Recommendations from the National Association of Elementary School Principals

Project Appleseed obtained the following is advice from NAESP about choosing a school:

 

1. Check out the school district's annual report to compare the expenditure per pupil in each district you are considering. In many communities, this dollar amount will be closely linked to school quality. This information is often available on the state's department of education Web site. The National Center for Education Statistics offers a searchable resource called the Public School District Finance Peer Search. This resource allows users to find out the per-pupil expenditure for school districts of interest, how those figures compare to school districts that have similar demographic characteristics, and how the district's per-pupil expenditure compares to state and national averages. Project Appleseed provides a resource located at http://nces.ed.gov/edfin/search/search_intro.asp.

 

2. Check to see what services are available at the school. Look for guidance counselors, an on-site nurse, a librarian, and a secretary, and check to see if they work at more than one school. If any of these key personnel do work at more than one school, be cautious!

 

3. Check the structure of the school year. Do you want your child in a year-round school or do you prefer a more traditional school calendar?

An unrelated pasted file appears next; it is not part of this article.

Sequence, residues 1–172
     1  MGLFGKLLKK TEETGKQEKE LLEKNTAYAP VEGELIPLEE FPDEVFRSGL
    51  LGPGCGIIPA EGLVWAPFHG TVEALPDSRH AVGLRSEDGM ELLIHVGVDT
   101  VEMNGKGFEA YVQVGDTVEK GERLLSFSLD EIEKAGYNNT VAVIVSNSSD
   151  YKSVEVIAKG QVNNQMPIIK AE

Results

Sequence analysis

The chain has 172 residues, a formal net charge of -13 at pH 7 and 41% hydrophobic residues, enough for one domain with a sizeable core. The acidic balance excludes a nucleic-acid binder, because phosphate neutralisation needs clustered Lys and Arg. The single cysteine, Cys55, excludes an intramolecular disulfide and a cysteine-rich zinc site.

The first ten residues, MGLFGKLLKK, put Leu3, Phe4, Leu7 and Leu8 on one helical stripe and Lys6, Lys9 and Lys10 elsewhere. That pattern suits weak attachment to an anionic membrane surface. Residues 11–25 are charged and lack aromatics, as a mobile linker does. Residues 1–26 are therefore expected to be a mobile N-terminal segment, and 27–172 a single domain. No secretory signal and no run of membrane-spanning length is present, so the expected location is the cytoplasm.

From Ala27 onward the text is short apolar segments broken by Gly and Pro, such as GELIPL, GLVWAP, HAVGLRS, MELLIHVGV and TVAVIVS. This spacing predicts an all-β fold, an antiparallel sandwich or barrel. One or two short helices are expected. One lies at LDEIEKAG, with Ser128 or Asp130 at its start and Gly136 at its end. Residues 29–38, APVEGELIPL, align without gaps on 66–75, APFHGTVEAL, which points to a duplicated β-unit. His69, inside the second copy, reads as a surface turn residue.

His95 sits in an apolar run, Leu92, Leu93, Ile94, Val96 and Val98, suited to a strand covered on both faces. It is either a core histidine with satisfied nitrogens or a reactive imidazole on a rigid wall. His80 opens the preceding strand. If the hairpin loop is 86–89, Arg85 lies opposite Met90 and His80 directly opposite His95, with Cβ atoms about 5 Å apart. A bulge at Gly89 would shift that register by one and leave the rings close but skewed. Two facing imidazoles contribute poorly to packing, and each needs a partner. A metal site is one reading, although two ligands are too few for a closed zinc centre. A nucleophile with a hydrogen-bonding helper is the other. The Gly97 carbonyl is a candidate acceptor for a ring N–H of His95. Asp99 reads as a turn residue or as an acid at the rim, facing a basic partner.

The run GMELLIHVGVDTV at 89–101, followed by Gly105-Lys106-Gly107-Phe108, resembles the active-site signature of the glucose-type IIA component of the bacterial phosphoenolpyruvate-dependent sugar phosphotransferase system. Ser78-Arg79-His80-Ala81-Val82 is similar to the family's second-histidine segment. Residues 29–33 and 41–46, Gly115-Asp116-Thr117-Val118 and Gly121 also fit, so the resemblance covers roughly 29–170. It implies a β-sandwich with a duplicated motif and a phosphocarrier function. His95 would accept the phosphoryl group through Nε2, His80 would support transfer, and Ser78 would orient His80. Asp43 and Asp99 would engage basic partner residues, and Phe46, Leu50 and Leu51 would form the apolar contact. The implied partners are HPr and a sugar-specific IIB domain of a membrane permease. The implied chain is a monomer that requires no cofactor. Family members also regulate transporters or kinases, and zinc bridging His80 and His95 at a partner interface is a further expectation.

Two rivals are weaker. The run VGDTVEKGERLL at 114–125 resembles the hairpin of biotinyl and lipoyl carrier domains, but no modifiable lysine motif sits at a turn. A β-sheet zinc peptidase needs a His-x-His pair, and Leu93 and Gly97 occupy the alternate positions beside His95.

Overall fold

4. If you are looking at a high school, check to see what percentage of the students go on to college.

 

5. Check the local library for books and videos on moving to a new school. Look for books for children as well as adults.

 

6. What is the school's discipline policy? (The school should provide a printed copy of this policy.)

 

7. How are students graded? (Ask for a sample report card and explanation of the grading system.)

 

8. How often are textbooks and classroom materials reviewed and updated? (There should be fixed schedules.)

 

9. Is there a school homework policy? (Some schools prefer to leave homework decisions to individual teachers. Project Appleseed has homework help here.)

 

10. What is the school's safety policy? (Ask about rules for playground activities and strangers on school property.)

 

11. What extracurricular activities does the school sponsor? (Some schools have student councils and a variety of clubs for special interests like music, drama, and chess.)

 

12. How many students are assigned to a classroom teacher? (The smaller the class size the better, especially in the primary grades.)

 

13. Is the library/media center well equipped and organized? (Can children regularly check out books and use the center's resources?)

 

14. How do the teachers teach? (In many schools, teachers work with students in small groups or work in teams to teach larger groups.)

 

15. How does the school communicate with parents? (Is there a regular newsletter? Are parents' calls welcome? Check out free internet and discount broadband thru Project Appleseed's partnership with everyoneon.com)

 

16. Is there an active parent organization? (Ask for a schedule of events and plan to attend the first meeting.)